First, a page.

The competent authority referred to in the first subparagraph shall, without delay, inform the other competent authorities and the Commission of its action and the justification for it. The competent authority shall, without delay, inform the other competent authorities and the Commission of the revocation of such action.
On receipt of a reasoned request from the competent authority, the Commission shall, without delay and by means of implementing acts, decide whether, and under what conditions, the action taken by that competent authority may be extended, for a period not exceeding 550 days. Those implementing acts shall be adopted in accordance with the examination procedure referred to in Article 82(3).
By way of derogation from point (a) of Article 19(1) and until an active substance is approved, competent authorities and the Commission may authorise, for a period not exceeding three years, a biocidal product containing a new active substance.
Such a provisional authorisation may be issued only if, after dossiers have been evaluated in accordance with Article 8, the evaluating competent authority has submitted a recommendation for approval of the new active substance and the competent authorities which received the application for the provisional authorisation or, in the case of a provisional Union authorisation, the Agency, consider that the biocidal product is expected to comply with points (b), (c) and (d) of Article 19(1) taking into account the factors set out in Article 19(2).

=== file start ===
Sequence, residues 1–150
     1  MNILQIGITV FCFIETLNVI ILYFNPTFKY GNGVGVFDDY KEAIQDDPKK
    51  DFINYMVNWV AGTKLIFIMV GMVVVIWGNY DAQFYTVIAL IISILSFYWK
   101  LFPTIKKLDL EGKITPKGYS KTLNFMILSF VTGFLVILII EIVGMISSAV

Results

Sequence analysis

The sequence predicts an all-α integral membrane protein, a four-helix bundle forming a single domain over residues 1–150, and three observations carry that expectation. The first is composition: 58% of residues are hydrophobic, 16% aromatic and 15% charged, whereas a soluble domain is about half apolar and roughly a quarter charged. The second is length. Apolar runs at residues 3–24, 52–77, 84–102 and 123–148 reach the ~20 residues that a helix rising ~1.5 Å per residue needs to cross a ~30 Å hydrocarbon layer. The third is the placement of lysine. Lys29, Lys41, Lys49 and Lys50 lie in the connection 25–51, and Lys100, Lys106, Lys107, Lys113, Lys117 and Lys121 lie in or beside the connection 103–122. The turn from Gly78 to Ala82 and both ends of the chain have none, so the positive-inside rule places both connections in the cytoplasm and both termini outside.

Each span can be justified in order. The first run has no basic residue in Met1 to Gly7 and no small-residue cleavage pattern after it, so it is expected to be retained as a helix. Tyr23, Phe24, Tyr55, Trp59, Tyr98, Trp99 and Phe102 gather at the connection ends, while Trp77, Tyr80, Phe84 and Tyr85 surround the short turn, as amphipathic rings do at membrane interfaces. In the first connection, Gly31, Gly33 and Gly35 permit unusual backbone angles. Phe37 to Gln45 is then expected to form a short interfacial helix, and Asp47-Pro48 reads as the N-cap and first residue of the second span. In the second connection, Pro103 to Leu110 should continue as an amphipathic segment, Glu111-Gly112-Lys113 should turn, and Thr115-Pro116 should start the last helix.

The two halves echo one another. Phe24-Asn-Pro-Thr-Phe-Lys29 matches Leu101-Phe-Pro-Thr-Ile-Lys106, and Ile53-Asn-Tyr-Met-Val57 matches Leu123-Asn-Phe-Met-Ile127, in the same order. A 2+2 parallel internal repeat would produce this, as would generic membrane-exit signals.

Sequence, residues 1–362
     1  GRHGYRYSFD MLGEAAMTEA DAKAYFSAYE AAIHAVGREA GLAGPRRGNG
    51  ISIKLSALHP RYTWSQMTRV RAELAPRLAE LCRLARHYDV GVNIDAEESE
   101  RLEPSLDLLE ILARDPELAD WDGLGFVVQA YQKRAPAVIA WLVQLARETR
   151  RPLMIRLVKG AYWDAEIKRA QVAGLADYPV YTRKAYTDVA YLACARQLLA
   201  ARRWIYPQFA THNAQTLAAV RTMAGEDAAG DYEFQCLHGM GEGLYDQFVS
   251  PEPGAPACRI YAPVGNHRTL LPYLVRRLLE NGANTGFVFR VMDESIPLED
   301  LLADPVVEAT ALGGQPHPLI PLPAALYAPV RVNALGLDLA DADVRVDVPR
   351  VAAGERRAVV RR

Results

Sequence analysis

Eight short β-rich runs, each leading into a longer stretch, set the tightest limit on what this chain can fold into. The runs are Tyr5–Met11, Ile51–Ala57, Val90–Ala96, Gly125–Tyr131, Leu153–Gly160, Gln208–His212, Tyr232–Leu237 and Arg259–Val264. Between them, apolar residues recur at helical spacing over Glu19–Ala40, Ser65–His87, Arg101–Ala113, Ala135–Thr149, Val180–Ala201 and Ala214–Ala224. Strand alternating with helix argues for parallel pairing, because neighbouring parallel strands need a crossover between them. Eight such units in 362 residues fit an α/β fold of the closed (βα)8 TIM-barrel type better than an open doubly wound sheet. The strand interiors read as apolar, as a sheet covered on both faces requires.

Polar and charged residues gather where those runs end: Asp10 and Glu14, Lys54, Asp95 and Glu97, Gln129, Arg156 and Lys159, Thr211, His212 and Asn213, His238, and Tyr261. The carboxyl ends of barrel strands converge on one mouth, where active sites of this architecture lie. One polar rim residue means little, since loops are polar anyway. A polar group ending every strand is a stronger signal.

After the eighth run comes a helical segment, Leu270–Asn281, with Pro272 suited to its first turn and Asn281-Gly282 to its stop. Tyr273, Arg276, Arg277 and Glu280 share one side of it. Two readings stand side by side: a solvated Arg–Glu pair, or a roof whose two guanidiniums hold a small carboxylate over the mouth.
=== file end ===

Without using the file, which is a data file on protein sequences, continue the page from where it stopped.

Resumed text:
If the Commission decides not to approve the new active substance, the competent authorities which granted the provisional authorisation or the Commission shall cancel that authorisation.
Where a decision on the approval of the new active substance has not yet been adopted by the Commission when the period of three years expires, the competent authorities which granted the provisional authorisation, or the Commission, may extend the provisional authorisation for a period not exceeding one year, provided that there are good reasons to believe that the active substance will satisfy the conditions laid down in Article 4(1) or, where applicable, the conditions set out in Article 5(2). Competent authorities which extend the provisional authorisation shall inform the other competent authorities and the Commission of such action.